Insight and recovery from psychosis in chronic schizophrenia and schizoaffective disorder patients

Thomas E. Smith*, James W. Hull, Jonathan D. Huppert, Steven M. Silverstein, Donna T. Anthony, Joel F. McClough

*Corresponding author for this work

Research output: Contribution to journalArticlepeer-review

50 Scopus citations


Impaired insight is an important contributing factor to poor treatment response and outcome in schizophrenia. Prior studies have attempted to identify the illness characteristics that underlie these deficits, with conflicting results regarding associations with symptoms and neurocognitive deficits. These inconsistencies may be a function of a number of methodological issues, which were addressed in this study. In a prospective, longitudinal study, 50 individuals with schizophrenia or schizoaffective disorder underwent baseline assessments upon discharge from an acute inpatient unit, and again at a 6-month follow-up. Unawareness of positive and negative symptoms were studied separately, with analyses focusing on changes in insight over time as well as associations with disorganized symptoms, depression, and card sorting deficits. Subjects showed greater insight for negative symptoms than for positive symptoms. Insight for positive symptoms improved only slightly over the follow-up period, while negative symptom awareness did not change. Insight for negative symptoms showed modest associations with card sorting deficits, while awareness for positive symptoms showed stronger associations with thought disorder, depression, and card sorting deficits. Awareness for positive symptoms in schizophrenia may be distinct from awareness of negative symptoms. Clinicians should also be aware of the multidetermined nature of impaired insight, and future research should aim to isolate distinct mechanisms that give rise to these deficits.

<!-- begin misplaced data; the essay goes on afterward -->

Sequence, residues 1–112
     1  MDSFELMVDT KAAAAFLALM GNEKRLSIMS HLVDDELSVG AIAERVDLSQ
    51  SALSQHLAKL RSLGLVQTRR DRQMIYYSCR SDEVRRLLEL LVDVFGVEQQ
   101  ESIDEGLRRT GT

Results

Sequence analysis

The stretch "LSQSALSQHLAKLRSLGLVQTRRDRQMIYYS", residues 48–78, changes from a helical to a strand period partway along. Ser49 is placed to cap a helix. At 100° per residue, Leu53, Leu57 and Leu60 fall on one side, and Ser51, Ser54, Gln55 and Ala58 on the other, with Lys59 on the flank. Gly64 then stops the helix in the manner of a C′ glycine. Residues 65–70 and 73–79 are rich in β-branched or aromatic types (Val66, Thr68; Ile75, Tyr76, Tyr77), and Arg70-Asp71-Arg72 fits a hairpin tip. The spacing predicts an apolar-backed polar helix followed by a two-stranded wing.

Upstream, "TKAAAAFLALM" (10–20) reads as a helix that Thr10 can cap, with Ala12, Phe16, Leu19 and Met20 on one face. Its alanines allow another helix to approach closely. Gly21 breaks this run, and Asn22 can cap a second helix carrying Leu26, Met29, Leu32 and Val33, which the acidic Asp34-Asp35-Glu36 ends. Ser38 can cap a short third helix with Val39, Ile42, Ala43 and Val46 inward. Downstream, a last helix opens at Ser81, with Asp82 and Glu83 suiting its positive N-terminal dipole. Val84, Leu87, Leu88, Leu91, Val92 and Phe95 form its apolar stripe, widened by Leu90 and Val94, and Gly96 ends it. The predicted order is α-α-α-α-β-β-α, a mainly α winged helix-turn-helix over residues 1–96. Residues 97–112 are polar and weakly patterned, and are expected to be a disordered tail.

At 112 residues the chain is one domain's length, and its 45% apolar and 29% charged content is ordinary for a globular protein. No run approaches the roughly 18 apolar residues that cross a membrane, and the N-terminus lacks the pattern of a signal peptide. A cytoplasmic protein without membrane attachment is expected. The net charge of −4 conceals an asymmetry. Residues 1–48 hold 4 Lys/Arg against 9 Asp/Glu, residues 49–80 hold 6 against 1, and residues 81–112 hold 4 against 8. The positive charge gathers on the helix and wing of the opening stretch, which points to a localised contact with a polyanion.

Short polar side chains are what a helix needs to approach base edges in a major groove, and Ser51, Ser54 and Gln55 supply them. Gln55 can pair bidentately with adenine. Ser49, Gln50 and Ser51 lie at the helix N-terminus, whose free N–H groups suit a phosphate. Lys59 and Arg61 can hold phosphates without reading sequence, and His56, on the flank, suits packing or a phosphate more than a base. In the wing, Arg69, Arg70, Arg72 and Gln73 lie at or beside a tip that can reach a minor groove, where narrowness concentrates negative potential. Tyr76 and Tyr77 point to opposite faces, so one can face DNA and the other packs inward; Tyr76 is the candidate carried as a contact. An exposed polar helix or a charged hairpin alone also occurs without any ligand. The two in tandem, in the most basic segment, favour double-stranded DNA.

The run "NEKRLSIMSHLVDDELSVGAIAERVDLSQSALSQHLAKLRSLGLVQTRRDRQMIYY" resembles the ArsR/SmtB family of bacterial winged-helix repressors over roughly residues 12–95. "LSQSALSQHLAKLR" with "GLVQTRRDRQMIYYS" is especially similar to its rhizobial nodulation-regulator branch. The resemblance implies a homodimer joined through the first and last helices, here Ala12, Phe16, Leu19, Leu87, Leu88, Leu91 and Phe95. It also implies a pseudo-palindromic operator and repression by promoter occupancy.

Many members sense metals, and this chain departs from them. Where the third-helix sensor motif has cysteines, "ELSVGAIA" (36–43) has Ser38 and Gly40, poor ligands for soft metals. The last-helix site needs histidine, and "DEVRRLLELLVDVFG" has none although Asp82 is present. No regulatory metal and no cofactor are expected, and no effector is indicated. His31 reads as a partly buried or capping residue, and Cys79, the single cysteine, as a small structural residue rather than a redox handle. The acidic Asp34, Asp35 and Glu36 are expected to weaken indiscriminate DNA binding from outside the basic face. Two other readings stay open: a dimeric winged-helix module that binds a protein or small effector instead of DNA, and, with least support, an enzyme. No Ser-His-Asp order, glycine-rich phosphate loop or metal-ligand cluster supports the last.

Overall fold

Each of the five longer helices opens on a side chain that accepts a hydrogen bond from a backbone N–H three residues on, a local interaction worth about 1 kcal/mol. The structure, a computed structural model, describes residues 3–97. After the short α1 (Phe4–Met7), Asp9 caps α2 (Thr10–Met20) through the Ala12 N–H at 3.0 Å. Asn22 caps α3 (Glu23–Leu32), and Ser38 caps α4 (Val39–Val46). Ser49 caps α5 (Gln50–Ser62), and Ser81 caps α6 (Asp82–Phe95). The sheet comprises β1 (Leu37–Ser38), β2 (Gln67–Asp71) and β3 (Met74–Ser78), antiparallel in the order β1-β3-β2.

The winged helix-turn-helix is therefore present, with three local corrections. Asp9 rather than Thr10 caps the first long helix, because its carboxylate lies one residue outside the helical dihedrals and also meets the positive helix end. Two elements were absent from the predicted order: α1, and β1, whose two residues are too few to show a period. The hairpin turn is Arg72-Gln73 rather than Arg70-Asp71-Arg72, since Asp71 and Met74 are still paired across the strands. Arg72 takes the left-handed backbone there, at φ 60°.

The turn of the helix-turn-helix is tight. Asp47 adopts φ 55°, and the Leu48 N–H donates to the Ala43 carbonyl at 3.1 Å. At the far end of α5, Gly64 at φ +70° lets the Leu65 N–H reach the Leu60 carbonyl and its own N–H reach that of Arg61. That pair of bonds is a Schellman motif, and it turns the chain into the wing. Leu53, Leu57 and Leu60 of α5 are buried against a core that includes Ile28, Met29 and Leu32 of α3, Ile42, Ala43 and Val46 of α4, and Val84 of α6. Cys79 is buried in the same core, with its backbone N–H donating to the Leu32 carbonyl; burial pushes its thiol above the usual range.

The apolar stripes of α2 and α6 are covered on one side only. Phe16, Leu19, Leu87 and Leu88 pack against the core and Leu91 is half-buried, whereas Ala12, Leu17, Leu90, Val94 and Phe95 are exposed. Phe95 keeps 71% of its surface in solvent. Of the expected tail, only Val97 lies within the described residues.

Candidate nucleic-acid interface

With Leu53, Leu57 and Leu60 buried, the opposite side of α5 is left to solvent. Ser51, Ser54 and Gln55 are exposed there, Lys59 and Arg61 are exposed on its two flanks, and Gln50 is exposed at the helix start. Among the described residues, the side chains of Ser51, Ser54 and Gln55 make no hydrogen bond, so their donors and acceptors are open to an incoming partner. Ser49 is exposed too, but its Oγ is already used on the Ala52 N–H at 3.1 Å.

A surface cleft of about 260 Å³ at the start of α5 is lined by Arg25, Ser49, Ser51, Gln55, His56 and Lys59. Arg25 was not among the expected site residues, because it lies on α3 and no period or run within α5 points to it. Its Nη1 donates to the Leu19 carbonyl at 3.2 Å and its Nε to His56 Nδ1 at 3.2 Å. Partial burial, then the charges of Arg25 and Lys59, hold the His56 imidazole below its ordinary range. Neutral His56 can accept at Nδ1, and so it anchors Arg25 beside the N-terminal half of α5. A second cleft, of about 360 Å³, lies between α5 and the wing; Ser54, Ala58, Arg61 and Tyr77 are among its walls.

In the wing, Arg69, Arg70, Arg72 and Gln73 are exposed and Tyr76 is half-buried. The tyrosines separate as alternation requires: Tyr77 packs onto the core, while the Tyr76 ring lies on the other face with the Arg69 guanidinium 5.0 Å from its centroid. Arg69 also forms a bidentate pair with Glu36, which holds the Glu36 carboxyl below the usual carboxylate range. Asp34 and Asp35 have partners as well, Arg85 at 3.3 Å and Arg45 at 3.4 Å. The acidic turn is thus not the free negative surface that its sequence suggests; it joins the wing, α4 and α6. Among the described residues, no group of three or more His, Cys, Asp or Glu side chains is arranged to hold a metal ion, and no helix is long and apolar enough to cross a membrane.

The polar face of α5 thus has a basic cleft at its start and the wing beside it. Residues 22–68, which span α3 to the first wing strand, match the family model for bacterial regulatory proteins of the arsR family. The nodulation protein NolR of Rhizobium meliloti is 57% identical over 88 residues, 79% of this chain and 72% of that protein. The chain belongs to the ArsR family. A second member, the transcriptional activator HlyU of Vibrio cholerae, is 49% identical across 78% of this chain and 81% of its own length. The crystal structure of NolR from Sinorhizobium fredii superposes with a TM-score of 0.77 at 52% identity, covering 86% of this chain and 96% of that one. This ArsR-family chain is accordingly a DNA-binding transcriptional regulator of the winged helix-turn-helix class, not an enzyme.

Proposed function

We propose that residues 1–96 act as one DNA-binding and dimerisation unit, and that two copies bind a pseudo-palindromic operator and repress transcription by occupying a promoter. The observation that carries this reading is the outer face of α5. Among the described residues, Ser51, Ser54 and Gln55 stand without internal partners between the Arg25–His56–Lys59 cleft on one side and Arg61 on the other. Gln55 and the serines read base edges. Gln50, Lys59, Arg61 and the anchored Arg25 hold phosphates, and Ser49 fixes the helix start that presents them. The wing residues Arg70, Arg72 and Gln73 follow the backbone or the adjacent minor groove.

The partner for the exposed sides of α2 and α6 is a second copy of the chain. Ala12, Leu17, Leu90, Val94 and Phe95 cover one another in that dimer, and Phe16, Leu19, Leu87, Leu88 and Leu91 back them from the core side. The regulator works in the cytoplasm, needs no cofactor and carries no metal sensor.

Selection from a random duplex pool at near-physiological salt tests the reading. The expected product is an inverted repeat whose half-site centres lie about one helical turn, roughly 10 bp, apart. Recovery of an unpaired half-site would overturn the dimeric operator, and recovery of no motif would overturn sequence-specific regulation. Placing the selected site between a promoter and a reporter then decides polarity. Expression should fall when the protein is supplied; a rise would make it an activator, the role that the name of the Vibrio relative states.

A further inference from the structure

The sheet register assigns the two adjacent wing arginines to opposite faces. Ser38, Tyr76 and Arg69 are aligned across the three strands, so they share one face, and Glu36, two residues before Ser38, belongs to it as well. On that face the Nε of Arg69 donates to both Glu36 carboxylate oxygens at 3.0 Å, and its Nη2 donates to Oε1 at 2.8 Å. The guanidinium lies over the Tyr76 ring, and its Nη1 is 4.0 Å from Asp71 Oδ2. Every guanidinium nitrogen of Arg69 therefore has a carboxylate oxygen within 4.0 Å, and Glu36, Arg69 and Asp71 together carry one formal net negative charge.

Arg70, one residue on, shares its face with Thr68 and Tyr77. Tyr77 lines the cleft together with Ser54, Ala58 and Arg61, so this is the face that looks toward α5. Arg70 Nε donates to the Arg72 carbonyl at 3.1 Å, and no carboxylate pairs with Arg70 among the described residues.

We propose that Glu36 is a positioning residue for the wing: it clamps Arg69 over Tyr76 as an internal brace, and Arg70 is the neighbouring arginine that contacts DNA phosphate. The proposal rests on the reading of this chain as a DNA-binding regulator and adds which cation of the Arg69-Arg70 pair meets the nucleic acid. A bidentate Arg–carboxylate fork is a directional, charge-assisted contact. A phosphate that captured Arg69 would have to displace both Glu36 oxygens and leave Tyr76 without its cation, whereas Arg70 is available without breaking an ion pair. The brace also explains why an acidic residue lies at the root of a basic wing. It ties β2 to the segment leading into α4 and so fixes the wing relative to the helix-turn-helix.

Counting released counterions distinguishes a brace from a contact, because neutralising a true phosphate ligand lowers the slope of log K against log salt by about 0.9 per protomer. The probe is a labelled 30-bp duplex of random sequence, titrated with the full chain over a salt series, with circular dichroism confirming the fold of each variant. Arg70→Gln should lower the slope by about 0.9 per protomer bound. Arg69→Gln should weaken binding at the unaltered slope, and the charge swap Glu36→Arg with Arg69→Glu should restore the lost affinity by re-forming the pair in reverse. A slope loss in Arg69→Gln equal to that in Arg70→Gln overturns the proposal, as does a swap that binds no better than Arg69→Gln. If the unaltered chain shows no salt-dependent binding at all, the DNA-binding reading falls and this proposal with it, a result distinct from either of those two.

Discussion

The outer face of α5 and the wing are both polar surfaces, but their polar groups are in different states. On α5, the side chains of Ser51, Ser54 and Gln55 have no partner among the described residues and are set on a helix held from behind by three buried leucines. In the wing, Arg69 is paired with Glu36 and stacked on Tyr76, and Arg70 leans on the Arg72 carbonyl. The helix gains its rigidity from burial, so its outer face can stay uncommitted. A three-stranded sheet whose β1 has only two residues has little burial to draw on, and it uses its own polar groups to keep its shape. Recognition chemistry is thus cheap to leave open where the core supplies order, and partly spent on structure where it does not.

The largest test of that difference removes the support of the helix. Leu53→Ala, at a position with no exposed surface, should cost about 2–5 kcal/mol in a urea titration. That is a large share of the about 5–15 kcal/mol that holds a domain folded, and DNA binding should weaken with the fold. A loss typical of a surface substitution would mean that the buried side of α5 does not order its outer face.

Original languageAmerican English
Pages (from-to)169-176
Number of pages8
JournalJournal of Psychiatric Research
Issue number2
StatePublished - 2004
Externally publishedYes

Bibliographical note

Funding Information:
This research was supported by National Institute of Mental Health grant MH 01359 to Dr. Smith, and by funds established in The New York Community Trust by DeWitt-Wallace. The authors wish to thank Lorna Starkey and Elaine Kalweit for valuable assistance with the project.


  • Disorganized symptoms
  • Executive deficits
  • Insight
  • Negative symptoms
  • Positive symptoms
  • Schizophrenia


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